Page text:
High growth small and medium-sized enterprises (SMEs) are reluctant to seek finance from banks to fund growth, a study by the Institute of Chartered Accountants of Scotland (ICAS) has found.
The study found that high growth SMEs are “highly reluctant borrowers” because of their lack of trust in banks. Many firms also said they were unwilling to sacrifice their autonomy in order to access bank finance.
The study also found that high growth SMEs:
- are 9% more likely to seek bank finance than other SMEs but are no more or less likely to receive it
- prefer bank finance to equity finance
- are likely to use a ‘mixed cocktail’ of finance, including internal resources and debt.
The report, Funding issues confronting high growth SMEs in the UK, was launched to study the demand for finance among high growth SMEs and investigate the problems they encountered.
It focuses specifically on high growth SMEs because of their capacity for growth and employment.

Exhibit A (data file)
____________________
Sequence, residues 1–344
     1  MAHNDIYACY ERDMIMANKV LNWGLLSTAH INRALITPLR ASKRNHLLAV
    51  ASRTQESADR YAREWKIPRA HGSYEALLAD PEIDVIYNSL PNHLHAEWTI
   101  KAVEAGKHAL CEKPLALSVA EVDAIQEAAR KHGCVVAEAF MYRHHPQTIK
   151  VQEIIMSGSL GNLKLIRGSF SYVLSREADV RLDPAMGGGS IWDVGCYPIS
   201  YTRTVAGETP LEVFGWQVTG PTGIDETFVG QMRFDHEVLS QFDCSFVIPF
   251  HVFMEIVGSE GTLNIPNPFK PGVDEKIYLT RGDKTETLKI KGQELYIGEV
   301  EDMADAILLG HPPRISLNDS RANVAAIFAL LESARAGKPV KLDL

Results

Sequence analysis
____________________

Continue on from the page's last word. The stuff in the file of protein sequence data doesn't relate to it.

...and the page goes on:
Dr Ross Brown and Dr Neil Lee, who conducted the research on behalf of ICAS, have made a number of recommendations for increasing liquidity to SMEs:
- target policies towards high growth SMEs and focus on long-term finance
- consider how the demand for finance could be improved
- the Department for Business, Innovation and Skills should conduct surveys that focus on ‘reluctant borrowers’ and ‘debt-shy’ SMEs
- address issues in the banking system that might prevent SMEs accessing finance.
Michelle Crickett, director of research at ICAS:
“This research identifies a new category of ‘reluctant borrowers’ and we believe that government, banks and others with an interest in SME funding should consider how these debt-shy borrowers can be transformed into willing borrowers in the interests of economic growth.”
Dr Ross Brown, researcher at the University of St Andrews, said:
“The fact that many high growth SMEs are ‘reluctant borrowers’ may be holding back the economy. Stimulating the ‘demand’ for lending matters for economic growth.”